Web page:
Quality fiction is imagined reality.
Sunny (Jóhonaá¹) of the Old Southwest
Things to Know Before Considering this Series for Yourself
or Recommending it to a Student or Other Reader
I am not pretentious enough to think that this series would readily be used in a class, as such use is generally reserved for well know and famous works. Nevertheless, since the themes within this long story (a series of related stories) are universal and appropriate to Christian reading, one or more of these books may lend themselves easily to supplemental reading in or out of the classroom. Therefore, important points about the series are related in the few paragraphs below. As a parent of grown children and former teacher² with a degree in literature and a minor in history, I wrote this with the intention that it would be fully appropriate for adult readers and mature students (probably, grade eight³ and above).
As it was being written, this series evolved quickly and somewhat unexpectedly into the story of the young Navajo woman, Jóhonaá (Sunny); and we see her natural attributes, education, and experiences turn her into a woman to be reckoned with by anyone contemplating evil. We see her grow and even push certain limits at times.
This story began partly as a traditional Western containing a hint of the Old West clichés that are actually reality based, but it carries as well a slice-of-life realism as the violence and other iconic realities of the frontier are treated with the believable manner they deserve. Thus, within the context of such violence, the main male character, who gains a small regional reputation as a gunman and knife fighter in volumes one and two, actually only fires a gun once, at a distance, during the entirety of volume three. And, in volumes four and five, his martial actions are that of a military-like individual dealing with attacking hostiles in warlike scenarios. In fact, throughout this series, all of the morally responsible characters only use violence when necessary. Historically, that is pretty much the way life played out for responsible, unprejudiced members of society in those often very prejudice-laden times.
The realistic feel of the story is further experienced in the way that the main female character (the series title character), a native woman who can take care of herself when threatened, becomes known as much for her healing help, freely given to the frontier's broken female victims, as for the defensive abilities that her father developed in her. Both of the lead characters take less actively dominant roles in volume three, revealing a lifelike scenario in this fictional series in which no one person in life is always most central or more important than others. In these books, as in life, everyone plays important roles when their name is called upon by God.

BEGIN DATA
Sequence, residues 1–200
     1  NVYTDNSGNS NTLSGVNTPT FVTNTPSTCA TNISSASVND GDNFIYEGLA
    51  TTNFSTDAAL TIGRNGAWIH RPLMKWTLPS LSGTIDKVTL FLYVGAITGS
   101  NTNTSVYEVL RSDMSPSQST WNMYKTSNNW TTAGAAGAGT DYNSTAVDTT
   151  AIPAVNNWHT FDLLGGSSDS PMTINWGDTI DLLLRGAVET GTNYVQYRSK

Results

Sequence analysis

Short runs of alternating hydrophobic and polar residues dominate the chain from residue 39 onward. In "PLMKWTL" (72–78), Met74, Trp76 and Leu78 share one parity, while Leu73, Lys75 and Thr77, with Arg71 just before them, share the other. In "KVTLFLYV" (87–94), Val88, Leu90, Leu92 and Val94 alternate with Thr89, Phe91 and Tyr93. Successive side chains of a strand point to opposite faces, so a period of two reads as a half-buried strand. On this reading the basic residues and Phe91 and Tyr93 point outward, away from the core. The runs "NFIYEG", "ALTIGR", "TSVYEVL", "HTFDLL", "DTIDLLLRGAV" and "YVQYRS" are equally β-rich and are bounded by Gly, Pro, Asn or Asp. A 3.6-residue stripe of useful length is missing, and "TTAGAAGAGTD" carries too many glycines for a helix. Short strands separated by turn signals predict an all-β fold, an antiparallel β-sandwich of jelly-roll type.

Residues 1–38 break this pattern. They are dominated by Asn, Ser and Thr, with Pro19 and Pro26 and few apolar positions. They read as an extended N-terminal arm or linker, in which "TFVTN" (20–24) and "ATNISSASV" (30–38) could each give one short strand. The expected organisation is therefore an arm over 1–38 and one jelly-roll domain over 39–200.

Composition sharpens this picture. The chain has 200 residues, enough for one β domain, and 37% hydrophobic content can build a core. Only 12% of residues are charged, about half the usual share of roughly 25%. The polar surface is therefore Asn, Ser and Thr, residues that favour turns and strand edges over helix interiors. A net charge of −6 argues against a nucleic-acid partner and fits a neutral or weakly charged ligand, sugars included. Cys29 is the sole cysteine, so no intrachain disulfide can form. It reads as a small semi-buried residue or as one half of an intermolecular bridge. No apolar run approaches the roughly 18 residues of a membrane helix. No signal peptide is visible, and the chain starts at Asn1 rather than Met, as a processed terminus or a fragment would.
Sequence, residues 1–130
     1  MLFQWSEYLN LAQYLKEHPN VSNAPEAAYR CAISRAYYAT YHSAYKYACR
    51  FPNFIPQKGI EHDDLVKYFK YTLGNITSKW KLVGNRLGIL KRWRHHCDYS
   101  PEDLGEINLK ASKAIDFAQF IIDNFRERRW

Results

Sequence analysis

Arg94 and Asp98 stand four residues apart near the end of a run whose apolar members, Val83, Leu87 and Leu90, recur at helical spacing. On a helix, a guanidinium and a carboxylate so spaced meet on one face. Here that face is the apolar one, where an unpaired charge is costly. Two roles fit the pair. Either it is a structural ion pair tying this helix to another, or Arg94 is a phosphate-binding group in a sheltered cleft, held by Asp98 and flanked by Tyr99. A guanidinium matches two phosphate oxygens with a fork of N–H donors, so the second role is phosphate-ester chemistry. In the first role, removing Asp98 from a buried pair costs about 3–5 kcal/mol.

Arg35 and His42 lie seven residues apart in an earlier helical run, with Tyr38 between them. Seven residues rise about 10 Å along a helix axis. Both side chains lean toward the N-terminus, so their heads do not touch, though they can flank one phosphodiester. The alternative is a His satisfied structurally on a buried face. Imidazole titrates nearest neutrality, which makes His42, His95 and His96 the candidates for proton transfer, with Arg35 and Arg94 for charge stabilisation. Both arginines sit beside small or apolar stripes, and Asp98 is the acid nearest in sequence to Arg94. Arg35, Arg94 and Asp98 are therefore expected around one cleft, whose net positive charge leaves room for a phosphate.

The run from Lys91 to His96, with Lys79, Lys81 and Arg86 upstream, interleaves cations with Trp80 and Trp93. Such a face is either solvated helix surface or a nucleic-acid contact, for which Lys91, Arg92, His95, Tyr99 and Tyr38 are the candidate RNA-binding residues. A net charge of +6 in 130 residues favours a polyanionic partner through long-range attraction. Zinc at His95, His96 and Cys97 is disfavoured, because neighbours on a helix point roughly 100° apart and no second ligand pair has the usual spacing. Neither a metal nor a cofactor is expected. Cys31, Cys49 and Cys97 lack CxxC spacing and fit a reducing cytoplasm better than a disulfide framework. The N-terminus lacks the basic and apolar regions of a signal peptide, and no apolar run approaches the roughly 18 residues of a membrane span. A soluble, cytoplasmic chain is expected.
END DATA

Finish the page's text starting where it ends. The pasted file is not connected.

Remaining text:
Carrying themes of 1. the worth of the Native American people and the unfair treatment of them, 2. the courage of a mixed marriage when the social timing of it is dangerous and unpopular, and 3. the immoral harshness on both the white and native sides of the conflict between them, these books reveal a realistic look at people and history. The story told throughout these five volumes says to us that: nothing is ever simple; but courage, love, and faith are absolutes.
There is no gratuitous sex and violence. The violence of that historical time is displayed accurately. There are two attempted rape scenes by the combatants of one people against innocent civilian victims on the other side. There is nothing sexually graphic in them, but throughout the novels the threats to women are alluded to accurately. One of these two scenes is in volume 4 during the Red River War between the Comanche and Texans and the U.S. Army (1874). The second such scene is set in the Philippines in 1902. Both have been described as handled well by the author by the administrator who approved them for the organization and website called Clean Indie Reads (clean independently published books).
The timeline begins just before the male protagonist leaves his home in the Shenandoah Valley after the Civil War and as the female protagonist is hiding with her Navajo Clan in the Sangre de Cristo Mountains where they avoided the 300+ mile, forced 'Long Walk of the Navajo' and incarceration by the U.S. Army at Bosque Redondo at Fort Sumner near El Paso. The series of novels follows these two through significant parts of their lives until they return from the Philippines after an important trip in 1902.
This series elevates minorities, women, minority relationships, sacrifice, courage, and the right of self-defense; and it warns of the power of unbridled government and the public mob. These themes should be universal to all thinking, open minded people, no matter what their political philosophy.
The narrative, storyteller style harkens to an older era and is less common today, but still reveals much information through action and conversation that readers have found much favor with. It is reminiscent of C.S. Forester’s The African Queen, but lacks the detailed descriptive passages such as that of the Ulanga River seen in that book. These five books also lack the long narrative beginning (nine pages) of his classic romantic adventure story; however, younger readers, not so familiar with this style, might struggle a bit.
¹ Jóhonaa’ éí . . . . shortened with an accent on the last ‘a’ (Jóhonaá) to simulate the
sound of the original Diné word (as seen in some name lists for children).
² U.S., grades 4 through 8; the Philippines, grades 6 through second year college
³ with guidance